Peer centers host open house for mental illness awareness

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"It is really a place for individuals to come who want support, who want a sense of community, who want to have interesting activities, and also want to contribute," said Christine Brown of the Aroostook Mental Health Center.

That's what the Harvest Inn Peer Center is all about. It's a low barrier service open to anyone who identifies as having a mental health problem.

"We operate in a lot of ways like a big family down here, so that really makes it nice to have that sense of community. It's no one person is above anybody else, it's about equality as a group, how can we work together and move towards what our goals are," Kaitee Maynard said.

Maynard manages the peer center, which is run by the Aroostook Mental Health Center and funded through a contract with the Department of Health and Human Services. Her main goal is to help those who come to the center achieve theirs.

"It could be vocational goals, it could be housing goals, it could be just something with themselves, education, art, anything like that basically," she said.

The Harvest Inn existed for years as a social club- but became a peer center last year. The change being - it's now run by peers. Dale Patterson is the President.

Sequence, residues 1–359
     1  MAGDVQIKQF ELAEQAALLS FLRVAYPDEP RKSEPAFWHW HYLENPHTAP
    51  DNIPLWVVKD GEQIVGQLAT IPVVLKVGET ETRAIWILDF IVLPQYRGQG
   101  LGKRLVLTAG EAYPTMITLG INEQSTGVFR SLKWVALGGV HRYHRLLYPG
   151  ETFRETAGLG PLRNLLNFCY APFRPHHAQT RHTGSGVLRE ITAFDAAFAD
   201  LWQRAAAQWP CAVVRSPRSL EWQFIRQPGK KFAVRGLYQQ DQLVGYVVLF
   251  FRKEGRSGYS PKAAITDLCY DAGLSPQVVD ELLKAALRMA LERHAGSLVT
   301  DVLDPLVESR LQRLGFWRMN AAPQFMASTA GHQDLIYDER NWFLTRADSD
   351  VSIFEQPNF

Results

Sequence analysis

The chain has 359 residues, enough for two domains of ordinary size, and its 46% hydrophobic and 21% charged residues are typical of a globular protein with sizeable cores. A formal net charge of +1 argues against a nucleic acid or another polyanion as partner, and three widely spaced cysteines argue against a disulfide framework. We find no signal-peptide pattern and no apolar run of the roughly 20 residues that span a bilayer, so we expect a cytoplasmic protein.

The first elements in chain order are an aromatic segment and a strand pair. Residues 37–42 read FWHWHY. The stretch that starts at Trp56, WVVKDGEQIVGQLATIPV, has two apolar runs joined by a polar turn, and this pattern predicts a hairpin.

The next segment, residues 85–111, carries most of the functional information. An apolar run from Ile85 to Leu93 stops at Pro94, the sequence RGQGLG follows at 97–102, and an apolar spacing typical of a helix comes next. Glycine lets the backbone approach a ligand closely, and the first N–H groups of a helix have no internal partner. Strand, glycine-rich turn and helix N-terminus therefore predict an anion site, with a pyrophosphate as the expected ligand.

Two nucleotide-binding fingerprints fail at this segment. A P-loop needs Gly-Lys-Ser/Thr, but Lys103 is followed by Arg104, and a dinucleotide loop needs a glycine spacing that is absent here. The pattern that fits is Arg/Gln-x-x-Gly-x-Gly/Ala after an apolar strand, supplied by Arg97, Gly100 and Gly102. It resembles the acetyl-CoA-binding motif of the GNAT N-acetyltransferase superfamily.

"Means a lot, it's helped me from where I was," he said.

Laurie Powell is the vice president.

"I like coming here, it's my thing, I like doing it," she said.

The group doesn't just meet at this space- they spend time out in the community as well. They're also working to smash the stigma surrounding mental illness for themselves and for others.

"There are ideas and a general attitude about mental illness. A lot of it is from ignorance. Anyone who has mental illness is a person and can do amazing things," said Brown.

Brown also gives a big thank you to County Ride Transportation- which gets these folks from their homes to the center and back.

AMHC's other peer center is located in Madawaska.